In the most recent exchange of fire, Microsoft's shot made the loudest bang. Buoyed by a no doubt sincere but also profile-raising series of visits by Bill Gates to Delhi slums and AIDS counselling centres, there was extensive international coverage of Microsoft's "Ready Launch 2005" event at the Bangalore Palace. There, Gates announced a $1.7 billion investment in India over the next four years, split between "donations" of software to schools, job creation and building, and developer evangelism.

However, reading the reports, one can't help but see a slightly patronising tone in their approach. One announcement which typified this was "Code4Bill" - a recruiting exercise dressed up as a competition, involving a series of online tests and real-world interviews. These whittle down the entrants to a final 20 who win internships at Microsoft India, and maybe even (gasp!) a job. The lucky grand prize winner gets to work in the "Bill Gates Technical Assistants Team" in Redmond for a year.

By contrast, the FOSS.IN (FOSS stands for "free and open source software; .IN is the country code for India) conference, a week beforehand in the very same venue, received comparatively little publicity. There were 2,700 attendees gathered to hear big names in the Linux world such as Alan Cox, the impressively-bearded Welsh kernel hacker, who gave "brutally technical" programming talks. The event's sponsor list reads like a roll call in the ABM ("Anyone But Microsoft") army - Intel, Google, Sun, HP.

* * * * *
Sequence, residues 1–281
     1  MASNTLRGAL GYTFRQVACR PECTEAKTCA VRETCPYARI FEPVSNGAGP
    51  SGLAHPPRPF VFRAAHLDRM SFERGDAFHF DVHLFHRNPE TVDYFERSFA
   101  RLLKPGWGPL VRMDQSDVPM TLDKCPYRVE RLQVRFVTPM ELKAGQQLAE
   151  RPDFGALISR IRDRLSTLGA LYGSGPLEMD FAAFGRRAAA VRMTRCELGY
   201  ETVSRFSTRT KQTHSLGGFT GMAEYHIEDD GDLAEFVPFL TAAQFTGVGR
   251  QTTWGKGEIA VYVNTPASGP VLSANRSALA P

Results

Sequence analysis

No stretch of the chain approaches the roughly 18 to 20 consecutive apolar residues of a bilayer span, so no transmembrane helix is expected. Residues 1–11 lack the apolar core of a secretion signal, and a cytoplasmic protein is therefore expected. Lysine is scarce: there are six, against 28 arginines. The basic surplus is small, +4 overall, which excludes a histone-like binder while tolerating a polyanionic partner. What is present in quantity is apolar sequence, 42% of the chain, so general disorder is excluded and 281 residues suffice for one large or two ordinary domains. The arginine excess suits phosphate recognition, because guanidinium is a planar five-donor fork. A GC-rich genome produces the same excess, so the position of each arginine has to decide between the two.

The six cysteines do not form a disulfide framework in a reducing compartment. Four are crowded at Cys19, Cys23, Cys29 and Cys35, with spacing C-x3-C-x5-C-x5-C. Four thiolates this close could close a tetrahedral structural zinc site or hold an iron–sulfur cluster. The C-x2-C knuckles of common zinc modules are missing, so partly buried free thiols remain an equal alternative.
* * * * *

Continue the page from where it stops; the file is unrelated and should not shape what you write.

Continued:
At first glance, despite the Microsoft marketing muscle and donated dollars, free software should be a shoo-in. In a country which wants to encourage entrepreneurship and expand its economy, why pay more for less control? However, the free software community has its own, rather unexpected hurdle to overcome - a cultural one. Despite India being "the world's largest consumer of free software", not much code is making its way back to the major projects. It seems that Indian developers often have a difficult time engaging with the community.

There have been several reasons suggested for this. One is that the Indian university system is more oriented to creating large numbers of employable graduates who pass tests, assembly-line style, than encouraging creativity and risk-taking. In a country where an engineering degree is the ticket to a reasonably comfortable life, no one wants to rock the boat. Another factor is that Indian developers are often most comfortable with a structured work plan and clearly-defined boundaries. This style of working is not a good fit for the self-motivated, somewhat chaotic style of the free software bazaar.

So at the moment, the scales are evenly balanced. India is there for the taking. In five years' time, will India be Coding 4 Bill, or Coding 2 Share?

Gervase Markham works for the Mozilla Foundation, a non-profit organisation dedicated to promoting choice and innovation on the internet. His blog is Hacking for Christ


Tuesday, December 13, 2005